Air is drawn from the rear of the radiator stoneguard through a duct passing over the top of the engine into the heater body. From the heater body it circulates through internal ducts to the car interior and to channels in the windscreen rail. The air is warmed by water from the engine system passing through the heater unit. The supply of water to the heater may be cut off by means of a tap located on the inlet pipe at the top front of the engine on the left-hand side (Figs. 8 .and 10).

It follows then, that the heater system can be used in two ways -
1. With the water tap "on," warm air is passed into the car and its volume is proportionate to the forward speed of the car. Its entry into the car body is controlled by the shutters on the toe-board.

2. This flow of air can be supplemented by switching on the fan.

Fig. 28. Car Heater Shutters.
A-Heater shutters on toe-board.

It will be appreciated that if the water stop tap is turned off, the air entering the car will be cold; advantage of this fact can be taken in warm weather.

Whenever the car is in motion, air, either warm or cold, will be passed to the windscreen channels, thus providing for demisting or de-frosting the windscreen, but it must be realised that at low road speeds, the volume of air entering the car will be correspondingly low; therefore, it will be an advantage under such circumstances to supplement this volume by using the fan also.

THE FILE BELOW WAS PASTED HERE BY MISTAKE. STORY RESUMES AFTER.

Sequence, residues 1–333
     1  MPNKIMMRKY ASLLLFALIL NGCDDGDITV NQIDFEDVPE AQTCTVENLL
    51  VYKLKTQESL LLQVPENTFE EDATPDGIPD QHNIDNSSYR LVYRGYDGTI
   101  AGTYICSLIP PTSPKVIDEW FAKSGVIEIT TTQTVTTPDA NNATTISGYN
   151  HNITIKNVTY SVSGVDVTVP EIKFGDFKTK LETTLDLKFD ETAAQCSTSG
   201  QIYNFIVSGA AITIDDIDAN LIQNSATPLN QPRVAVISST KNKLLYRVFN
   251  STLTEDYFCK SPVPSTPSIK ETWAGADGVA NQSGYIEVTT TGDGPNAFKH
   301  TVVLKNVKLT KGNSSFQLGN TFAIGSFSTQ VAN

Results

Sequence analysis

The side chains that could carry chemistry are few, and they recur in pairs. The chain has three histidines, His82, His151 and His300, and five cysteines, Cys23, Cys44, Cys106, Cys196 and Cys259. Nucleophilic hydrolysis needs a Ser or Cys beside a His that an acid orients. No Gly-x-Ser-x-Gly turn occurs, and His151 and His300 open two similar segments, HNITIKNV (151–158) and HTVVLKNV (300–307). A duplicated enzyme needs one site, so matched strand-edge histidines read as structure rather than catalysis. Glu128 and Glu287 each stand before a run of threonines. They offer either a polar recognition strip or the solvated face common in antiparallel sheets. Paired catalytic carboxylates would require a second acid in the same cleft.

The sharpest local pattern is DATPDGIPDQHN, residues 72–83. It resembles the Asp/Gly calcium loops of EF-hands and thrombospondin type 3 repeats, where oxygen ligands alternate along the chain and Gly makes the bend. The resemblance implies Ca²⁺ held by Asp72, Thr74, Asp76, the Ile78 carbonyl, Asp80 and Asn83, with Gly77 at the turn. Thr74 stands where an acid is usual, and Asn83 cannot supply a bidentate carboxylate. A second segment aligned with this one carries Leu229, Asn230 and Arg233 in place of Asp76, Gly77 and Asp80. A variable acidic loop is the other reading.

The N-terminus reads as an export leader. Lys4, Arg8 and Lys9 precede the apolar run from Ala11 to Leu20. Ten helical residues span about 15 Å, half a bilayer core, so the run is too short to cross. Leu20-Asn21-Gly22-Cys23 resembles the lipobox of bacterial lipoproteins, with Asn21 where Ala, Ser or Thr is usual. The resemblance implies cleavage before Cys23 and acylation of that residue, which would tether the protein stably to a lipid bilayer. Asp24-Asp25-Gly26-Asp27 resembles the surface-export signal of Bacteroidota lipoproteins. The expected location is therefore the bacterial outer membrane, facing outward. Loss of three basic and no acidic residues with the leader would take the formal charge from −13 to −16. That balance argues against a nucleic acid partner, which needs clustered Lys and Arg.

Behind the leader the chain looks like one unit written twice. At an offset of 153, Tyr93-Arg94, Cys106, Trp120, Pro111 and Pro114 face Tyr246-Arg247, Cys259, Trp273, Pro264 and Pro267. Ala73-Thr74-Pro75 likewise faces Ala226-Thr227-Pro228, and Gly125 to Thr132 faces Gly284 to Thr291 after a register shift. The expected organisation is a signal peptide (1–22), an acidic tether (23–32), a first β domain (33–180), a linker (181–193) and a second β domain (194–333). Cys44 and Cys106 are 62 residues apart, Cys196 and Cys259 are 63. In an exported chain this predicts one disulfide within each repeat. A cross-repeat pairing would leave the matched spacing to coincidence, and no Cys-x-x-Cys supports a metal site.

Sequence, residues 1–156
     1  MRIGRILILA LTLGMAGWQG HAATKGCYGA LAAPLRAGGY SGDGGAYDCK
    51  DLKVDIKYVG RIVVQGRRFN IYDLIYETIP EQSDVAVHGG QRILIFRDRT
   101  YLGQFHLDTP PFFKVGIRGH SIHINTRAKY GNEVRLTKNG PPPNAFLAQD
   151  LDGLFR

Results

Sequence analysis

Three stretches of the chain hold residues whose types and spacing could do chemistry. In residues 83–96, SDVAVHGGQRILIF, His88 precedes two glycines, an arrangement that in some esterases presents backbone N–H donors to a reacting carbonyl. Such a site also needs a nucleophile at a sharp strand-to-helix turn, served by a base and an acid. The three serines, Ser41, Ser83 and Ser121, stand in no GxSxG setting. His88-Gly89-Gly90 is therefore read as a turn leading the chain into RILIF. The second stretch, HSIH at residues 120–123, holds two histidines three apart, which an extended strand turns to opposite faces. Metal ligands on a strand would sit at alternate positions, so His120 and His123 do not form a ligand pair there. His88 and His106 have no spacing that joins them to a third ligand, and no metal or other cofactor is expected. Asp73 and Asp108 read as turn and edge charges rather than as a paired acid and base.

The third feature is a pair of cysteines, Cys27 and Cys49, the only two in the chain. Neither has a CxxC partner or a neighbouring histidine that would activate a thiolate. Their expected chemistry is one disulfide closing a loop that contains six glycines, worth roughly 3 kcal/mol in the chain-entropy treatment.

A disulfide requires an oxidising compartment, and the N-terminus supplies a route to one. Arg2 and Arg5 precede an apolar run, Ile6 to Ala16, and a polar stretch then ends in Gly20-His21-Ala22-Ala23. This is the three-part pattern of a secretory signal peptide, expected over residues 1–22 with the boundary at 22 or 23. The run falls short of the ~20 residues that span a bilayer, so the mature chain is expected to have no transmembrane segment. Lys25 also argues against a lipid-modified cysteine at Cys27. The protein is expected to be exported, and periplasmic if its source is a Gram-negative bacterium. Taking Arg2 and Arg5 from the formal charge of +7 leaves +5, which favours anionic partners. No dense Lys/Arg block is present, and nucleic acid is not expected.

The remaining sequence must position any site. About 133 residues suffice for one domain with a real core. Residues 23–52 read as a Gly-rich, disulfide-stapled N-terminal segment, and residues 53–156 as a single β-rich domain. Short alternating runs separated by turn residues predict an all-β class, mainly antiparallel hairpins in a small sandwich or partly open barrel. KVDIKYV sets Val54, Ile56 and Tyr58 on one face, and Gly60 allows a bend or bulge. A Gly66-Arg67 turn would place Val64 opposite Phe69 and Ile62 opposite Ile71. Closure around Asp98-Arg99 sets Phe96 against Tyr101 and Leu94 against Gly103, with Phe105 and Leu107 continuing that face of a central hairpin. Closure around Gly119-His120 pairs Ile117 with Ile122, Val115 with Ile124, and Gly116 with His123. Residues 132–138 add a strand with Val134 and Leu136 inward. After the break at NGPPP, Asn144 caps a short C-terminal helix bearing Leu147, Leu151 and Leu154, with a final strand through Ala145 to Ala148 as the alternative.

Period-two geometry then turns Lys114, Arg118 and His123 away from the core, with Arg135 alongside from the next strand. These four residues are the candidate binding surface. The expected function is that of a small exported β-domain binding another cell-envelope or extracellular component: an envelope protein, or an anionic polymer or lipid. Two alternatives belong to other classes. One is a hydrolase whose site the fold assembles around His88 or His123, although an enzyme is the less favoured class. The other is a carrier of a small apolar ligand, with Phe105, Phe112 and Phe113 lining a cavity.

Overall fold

Although continual polishing is not necessary where chromium-plated parts are concerned, it is definitely necessary that dirt or tar should be removed if the original high polish is to be maintained. Although chromium plating cannot rust, in instances where it is used on ferrous metals (such as steel used for the bumpers) it does not prevent the accumulation of red oxide on the chromium surface. It is therefore necessary to give some attention to the correct method of removing oxide, dirt and tar. Ordinary metal polishes should NOT BE USED, as some of them contain solutions which act as a solvent to chromium. The best method of cleaning off mud and ordinary dirt is to wash with water and dry with a leather. For oxide or tar we recommend the use of CHROM-SHINE or any good brand of polish that has been specially prepared for chromium plate.

Adjustment is provided for both front seats.

Passenger's Seat. The horizontal position is governed by the straight handle at the front of the seat base which should be held to the right and the seat moved either forwards or backwards to the required position; release the handle and slight movement of the seat will then automatically engage the nearest notch in the runner.

Driver's Seat. The driver's seat is adjustable for both fore and aft position (in a similar manner to the passenger's seat) and also for rake and height; these are both controlled by the cranked handle at the front of the base which should be turned until the most comfortable driving position is obtained.

Bodies are of the usual metal paneled type, and are finished in cellulose. This can be wiped over with a soft dry cloth and polished if only dusty; otherwise it should be hosed and leathered in the ordinary way. To polish cellulose bodies any of the good brands of motor body polish may be used.

To open the sliding roof, turn the central handle a clockwise direction and pull to the rear. Look in the required position by a quarter-turn anti-clockwise. Reverse the sequence of operations when closing. Always securely lock the roof in all positions, otherwise rattles may develop.

Occasionally apply a few spots of oil to the runners-this will prevent stiffness, especially after the roof has been closed during the winter months.